Military expert Sergei Sudakov said the biggest threat facing Russia is the possibility of being disconnected from SWIFT, the coding sy vital to international money transfers, which would affect the countrys key foreign exchange earners in the oil and gas indtry. Sudakov claimed that the Rsians are actively developing a strategy of ing Chinese hubs to circumvent Rsias potential loss of its access to SWT. MP Leonid Kalashnikov asserted that he is still glad that Trump was elected, because under Hillary Clinton Russia would have been cut off from SWIFT a long time ago.

Karen Shakhnazarov, a prominent film director and a fixture on Rsian talk shows, argued that Rsia should form a military and a political alliance with China in order to destroy s financial sy. Rsia recently liquidated most of its holdings in U.S. Treasury securities. Some Russian experts are hoping that China could be convinced to follow suit. (The scale of holdings is not really comparable: Before Rsia started dumping its securities in March, it held $96.1 billion; China holds some $1.18 trillion.)

A gaggle of pro-Kremlin talking heads voiced a of other proposals Rsia should implement in retaliation for the . sanctions, such as start arresting Americans, shut down n binesses operating in Rsia, form an anti-n front with the enemies of the , steal Western technologies and confiscate funds from Rsias nouveaux riches to compete for the losses caed by the sanctions.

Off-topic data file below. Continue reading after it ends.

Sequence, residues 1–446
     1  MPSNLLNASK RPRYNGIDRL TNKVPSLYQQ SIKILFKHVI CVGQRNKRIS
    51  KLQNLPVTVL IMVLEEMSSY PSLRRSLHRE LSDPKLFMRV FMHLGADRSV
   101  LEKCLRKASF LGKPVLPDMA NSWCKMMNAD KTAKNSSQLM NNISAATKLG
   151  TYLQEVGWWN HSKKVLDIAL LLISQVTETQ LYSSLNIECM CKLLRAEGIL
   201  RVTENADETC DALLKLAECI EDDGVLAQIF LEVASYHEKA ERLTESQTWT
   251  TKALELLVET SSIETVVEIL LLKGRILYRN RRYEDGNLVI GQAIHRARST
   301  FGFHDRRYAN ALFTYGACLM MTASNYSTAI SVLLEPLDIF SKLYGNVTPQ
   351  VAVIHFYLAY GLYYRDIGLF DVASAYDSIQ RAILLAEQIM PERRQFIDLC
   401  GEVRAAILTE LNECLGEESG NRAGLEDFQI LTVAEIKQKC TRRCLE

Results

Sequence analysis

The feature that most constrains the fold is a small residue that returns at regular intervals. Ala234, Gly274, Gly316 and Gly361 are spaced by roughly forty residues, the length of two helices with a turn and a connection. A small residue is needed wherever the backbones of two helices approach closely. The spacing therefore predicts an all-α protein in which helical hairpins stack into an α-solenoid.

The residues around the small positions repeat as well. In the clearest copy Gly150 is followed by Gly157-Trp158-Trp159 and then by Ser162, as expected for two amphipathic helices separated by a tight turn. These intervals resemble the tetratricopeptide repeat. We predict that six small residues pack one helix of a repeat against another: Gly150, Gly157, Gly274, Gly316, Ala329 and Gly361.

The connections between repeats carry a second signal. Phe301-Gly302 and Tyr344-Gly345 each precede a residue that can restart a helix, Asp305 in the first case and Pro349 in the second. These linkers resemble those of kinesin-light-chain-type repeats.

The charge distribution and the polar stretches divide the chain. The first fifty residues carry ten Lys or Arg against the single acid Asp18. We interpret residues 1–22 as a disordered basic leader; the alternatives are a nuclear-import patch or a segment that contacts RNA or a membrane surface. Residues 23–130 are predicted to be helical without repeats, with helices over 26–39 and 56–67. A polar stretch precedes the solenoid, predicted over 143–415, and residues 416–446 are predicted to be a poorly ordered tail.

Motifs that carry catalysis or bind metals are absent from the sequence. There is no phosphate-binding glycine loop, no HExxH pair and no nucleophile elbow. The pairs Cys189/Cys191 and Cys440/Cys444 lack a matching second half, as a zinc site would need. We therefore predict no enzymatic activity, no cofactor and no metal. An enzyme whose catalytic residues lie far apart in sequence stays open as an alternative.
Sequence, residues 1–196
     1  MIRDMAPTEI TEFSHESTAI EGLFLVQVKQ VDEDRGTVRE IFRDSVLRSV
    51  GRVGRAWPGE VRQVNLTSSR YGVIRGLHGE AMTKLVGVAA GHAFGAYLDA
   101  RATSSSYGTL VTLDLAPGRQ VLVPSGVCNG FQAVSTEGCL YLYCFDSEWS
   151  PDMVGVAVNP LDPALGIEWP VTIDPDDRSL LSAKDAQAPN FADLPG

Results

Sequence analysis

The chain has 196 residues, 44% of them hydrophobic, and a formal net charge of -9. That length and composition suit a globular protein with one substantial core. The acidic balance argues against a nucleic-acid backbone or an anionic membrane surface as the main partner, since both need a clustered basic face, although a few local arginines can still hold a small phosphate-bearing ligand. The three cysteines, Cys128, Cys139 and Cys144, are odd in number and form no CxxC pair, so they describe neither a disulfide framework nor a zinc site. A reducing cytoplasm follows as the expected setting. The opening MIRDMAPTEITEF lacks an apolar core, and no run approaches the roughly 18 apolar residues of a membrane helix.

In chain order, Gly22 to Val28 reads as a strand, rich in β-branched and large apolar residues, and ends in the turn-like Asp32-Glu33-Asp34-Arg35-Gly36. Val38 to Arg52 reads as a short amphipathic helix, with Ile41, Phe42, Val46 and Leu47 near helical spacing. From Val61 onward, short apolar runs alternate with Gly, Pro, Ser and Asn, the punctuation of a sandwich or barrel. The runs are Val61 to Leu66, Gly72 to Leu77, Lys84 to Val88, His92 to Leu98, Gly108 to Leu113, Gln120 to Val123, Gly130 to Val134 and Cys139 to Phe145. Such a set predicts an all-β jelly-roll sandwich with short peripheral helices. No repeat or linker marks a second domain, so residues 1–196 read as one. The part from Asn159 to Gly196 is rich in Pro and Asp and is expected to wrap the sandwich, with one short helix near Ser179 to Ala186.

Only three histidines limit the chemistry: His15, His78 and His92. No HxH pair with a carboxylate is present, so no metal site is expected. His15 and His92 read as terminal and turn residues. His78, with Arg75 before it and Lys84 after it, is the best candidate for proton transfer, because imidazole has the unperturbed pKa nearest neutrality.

Even as the Kremlins mouthpieces ponder the possible retaliatory measures, most of them say they believe that the threat of the sanctions bill from hell is merely a charade.

Appearing on Vladimir Solovievs show, Stankevich argued that most of the promised sanctions will never materialize and are being floated solely to strengthen the GOPs faltering position in the midterm . Korotchenko described Trumps sanctions as the bluff of a racketeer, who is all sweetness and light during his face-to-face meetings with Putin. Lawmaker Vladimir Zhirinovsky panned Trump as the weakest president in the history of the and the most incapable person on the planet.

The Kremlins power players are unanimo in not suggesting any change to Rsias dangero path on a collision course with the West. Maybe they arent taking the Trump administration and the Rean leadership serioly. Maybe they really do think the midterms will save them. Maybe they know something we dont.